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My Journey in Nepal

By: Admin

By McKenna

My journey in Nepal started with blue skies of Kathmandu when my Himalayan Group landed on the morning of September 16th. The medieval city of Bhaktapur was home for orientation, where we developed group norms, set personal goals, and started ethical discussions during a brief stay at a Permaculture farm and with Learning Service expert. We concluded our time in Bhaktapur with a ceremony that shocked me with its ability to create a sense of community with a group I met just four days ago. 

We then settled into our urban home stays in Patan; a city known for its rich history of art and the juxtaposition of the ancient and modern ways of life in a harmonious way. Patan became home for one month during which we studied Nepali, learned about Newari cultures through celebrating Dashain Festival with our homestay families, and studied with the renowned “Mother of Ayurveda”, Sarita Shrestha. Among the honking motorcycles and peaceful courtyards, I created a family halfway across the world and was thankful for familiar constants that resonated in both my family I left behind and my new one in Patan.

In Nagarkot, I got my first glimpse of the Himalayas during a short student-led excursion. With thirteen students all trying to achieve different objectives in a four-day time slot, I learned a lot about different types of leaders and which are best for specific groups. We stayed in Dhulikhel for mid-course reflection where we revisited our goals and set new intentions for the remainder of the course. 

We then embarked on our fifteen-day trek through the Himalayas to the sacred Gosaikunda Valley. We were blessed by wonderful views of the mountains and jaw-dropping sunsets that  set the sky ablaze with light as we learned about the Himalayan wilderness and outdoor skills whilst also learning from the lessons and activities led by the instructors and different topics ranging from sacred spaces to climate change and human relationship with earth. As the final challenge of the trek, most of the group was able to successfully climb the Suyra peak, which at an altitude just shy of 17,000 feet, is one of the highest points in the valley. It was during this trek that I was challenged the most, both physically and mentally. 

We then embarked to sacred Boudhanath before going to village home stays in the village of Ale Gaun in western Nepal. Ale Gaun is an isolated village consisting of seven houses upon a hill. And there I feel as though I truly learned what community was for the first time. It meant all the aamaas (moms) coming together everyday to prepare lunch (which was the daal bhat, the traditional rice and lentils, of course). It meant aamaa being proud of me even if I spent the day helping Natalie’s family beat rice or Jojo’s sickle grass that day. Having tea time twice a day because whenever you walk by another house, they insist you join them. Never really understanding which dog  belonged to which family. I learned that you don’t need words to express love for one another.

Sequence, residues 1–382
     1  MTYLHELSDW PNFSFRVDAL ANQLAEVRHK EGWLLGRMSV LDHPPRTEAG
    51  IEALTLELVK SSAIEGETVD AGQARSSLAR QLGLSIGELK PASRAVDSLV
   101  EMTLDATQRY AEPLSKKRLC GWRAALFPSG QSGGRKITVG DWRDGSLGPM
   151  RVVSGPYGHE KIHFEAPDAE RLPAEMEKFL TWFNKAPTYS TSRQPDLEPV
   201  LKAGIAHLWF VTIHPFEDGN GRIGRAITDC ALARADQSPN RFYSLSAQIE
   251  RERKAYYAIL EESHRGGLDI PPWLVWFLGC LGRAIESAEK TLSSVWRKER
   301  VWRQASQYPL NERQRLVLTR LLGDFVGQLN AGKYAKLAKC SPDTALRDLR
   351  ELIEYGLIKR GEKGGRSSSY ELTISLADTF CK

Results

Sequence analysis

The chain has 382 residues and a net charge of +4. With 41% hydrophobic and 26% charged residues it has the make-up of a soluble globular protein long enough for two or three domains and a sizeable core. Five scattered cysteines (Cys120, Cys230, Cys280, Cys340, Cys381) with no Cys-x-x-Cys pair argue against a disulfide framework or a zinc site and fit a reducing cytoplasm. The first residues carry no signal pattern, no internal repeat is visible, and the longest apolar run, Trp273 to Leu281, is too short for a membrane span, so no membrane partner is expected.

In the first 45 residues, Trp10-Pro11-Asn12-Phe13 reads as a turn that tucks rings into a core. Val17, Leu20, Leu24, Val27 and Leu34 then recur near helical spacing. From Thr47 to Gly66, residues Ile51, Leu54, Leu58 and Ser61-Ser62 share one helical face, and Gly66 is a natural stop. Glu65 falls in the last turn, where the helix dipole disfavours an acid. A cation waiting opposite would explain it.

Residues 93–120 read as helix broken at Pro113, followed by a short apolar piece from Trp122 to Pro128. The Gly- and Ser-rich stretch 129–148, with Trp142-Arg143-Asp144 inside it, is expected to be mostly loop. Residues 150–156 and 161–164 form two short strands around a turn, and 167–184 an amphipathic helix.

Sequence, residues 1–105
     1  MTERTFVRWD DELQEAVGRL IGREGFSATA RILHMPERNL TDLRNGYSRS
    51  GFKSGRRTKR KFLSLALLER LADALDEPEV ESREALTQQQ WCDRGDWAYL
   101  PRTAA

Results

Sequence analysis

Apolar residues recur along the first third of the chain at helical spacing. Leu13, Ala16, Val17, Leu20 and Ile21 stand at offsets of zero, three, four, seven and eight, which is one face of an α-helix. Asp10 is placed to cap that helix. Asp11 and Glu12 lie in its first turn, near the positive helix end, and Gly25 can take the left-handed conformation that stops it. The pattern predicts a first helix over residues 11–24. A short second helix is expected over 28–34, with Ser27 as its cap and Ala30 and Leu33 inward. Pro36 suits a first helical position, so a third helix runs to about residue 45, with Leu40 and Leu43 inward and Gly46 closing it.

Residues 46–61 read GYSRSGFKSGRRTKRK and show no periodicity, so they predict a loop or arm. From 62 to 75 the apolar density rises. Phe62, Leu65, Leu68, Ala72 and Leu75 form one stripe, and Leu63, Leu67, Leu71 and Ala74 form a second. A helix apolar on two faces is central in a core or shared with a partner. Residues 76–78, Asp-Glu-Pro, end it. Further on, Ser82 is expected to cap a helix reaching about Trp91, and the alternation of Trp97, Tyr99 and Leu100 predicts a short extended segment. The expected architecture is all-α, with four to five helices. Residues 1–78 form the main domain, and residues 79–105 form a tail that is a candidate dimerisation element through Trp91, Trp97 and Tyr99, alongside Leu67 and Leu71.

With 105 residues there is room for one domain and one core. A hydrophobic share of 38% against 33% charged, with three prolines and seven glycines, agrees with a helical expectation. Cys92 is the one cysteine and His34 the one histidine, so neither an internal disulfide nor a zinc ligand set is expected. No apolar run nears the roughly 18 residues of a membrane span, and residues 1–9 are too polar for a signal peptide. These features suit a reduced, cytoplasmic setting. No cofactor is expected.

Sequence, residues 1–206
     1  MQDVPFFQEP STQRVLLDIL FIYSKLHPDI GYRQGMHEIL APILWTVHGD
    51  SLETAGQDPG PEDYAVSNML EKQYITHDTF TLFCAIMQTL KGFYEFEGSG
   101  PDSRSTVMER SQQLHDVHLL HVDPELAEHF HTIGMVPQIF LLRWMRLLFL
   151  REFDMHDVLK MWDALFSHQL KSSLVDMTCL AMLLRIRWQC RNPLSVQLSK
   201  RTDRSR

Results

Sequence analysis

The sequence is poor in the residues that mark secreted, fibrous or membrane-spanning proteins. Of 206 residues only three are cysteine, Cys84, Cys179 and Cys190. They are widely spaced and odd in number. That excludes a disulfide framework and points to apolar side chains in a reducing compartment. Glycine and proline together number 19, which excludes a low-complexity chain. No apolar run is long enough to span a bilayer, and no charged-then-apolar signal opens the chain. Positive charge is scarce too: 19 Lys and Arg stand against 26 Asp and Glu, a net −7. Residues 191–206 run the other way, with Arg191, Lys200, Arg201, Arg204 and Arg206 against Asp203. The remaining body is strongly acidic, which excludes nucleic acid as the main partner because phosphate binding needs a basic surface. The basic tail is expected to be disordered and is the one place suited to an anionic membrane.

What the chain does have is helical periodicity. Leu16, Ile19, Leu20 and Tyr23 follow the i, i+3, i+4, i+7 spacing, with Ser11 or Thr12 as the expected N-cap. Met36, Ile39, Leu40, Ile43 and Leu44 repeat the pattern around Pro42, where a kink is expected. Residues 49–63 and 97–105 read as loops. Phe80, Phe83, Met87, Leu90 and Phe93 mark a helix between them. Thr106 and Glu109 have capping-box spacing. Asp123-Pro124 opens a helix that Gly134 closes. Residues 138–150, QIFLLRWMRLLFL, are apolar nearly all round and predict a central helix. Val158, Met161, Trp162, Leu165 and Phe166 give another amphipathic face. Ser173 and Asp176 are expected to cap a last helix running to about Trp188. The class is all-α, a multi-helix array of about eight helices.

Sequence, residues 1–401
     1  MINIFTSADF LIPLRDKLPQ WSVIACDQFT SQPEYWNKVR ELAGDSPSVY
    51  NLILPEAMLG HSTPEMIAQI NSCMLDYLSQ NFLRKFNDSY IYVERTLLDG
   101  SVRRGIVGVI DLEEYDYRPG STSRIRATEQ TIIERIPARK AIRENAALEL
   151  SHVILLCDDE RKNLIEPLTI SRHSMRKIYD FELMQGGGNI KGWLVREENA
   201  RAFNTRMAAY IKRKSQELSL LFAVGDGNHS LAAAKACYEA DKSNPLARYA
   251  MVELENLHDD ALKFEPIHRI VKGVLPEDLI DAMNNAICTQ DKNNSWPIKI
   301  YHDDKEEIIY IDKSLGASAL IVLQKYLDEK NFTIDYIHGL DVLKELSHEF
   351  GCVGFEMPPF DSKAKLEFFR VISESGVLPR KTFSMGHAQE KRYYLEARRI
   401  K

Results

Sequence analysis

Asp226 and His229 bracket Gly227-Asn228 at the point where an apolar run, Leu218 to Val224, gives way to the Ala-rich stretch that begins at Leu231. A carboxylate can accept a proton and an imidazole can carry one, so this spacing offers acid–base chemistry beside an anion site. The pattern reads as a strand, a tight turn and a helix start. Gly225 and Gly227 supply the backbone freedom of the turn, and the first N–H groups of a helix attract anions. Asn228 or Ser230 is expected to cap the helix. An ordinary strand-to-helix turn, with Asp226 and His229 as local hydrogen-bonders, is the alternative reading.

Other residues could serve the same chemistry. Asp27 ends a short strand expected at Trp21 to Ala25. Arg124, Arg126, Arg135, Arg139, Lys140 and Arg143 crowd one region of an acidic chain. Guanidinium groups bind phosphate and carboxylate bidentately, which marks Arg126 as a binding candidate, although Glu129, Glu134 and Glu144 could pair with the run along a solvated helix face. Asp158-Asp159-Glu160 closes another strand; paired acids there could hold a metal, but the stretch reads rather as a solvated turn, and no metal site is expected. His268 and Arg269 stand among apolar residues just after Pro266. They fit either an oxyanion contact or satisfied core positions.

For our second student-led trip, we spent a week in Chitwan National Park. It was strange to have the landscape be completely flat after only spending time in Nepal’s mountainous or “hilly” regions, but the views consisted of glimpses of one horned rhinos, wild boar, monkeys, wild elephants, and gharial. I was reminded of the importance of considering all the consequences of tourist attractions before partaking in certain activities through our Stand Up For Elephants visit.

From Chitwan we traveled back to the Kathmandu Valley to Namo Buddha Monastery to experience the monastic life of a Tibetan Buddhist. At the monastery we learned about meditation and the basics of Buddhism with a respected lama and reflected back on the teachings through the time. Here, I attempted to stay silent for half days and broke down into tears on the first two attempts (and consequently decided to break my silence). But the third time was the charm! Through this small but significant achievement, I learned how challenging yet illuminating it is to be alone —and undistracted— with your thoughts. I found out that sometimes learning more about yourself can make you even more frustrated and confused. And that although I’m still uncertain about many things about myself and my future, it is important to try to become comfortable with uncertainty. That gap years are opportunities to choose your own path for the first time in your life, and that can be daunting. But the beauty of uncertainty is that there are endless possibilities. 

We finished our time in Nepal at the hilly town of Dhulikhel where we reflected on the journey and drew from the experience to take learning back into our lives. We celebrated the friendships created, challenges overcome and moments of growth to leave Nepal with a better understanding of ourselves in the world that we were able to experience in such a different context. 

The idea of returning home felt surreal after being away for so long. As the trip came to an end, I felt torn. I missed my parents a lot, but now, I missed my host family too. I couldn’t wait to hug my friends who returned from college for holiday break, but dreaded the time I would have to hug those in my group goodbye. I was homesick for both places for the same reason. Two completely different places embody a sense of community which I hold so dear. So, with so much to look back on and so much to look forward to, we boarded our plane in Kathmandu, where we started this journey together.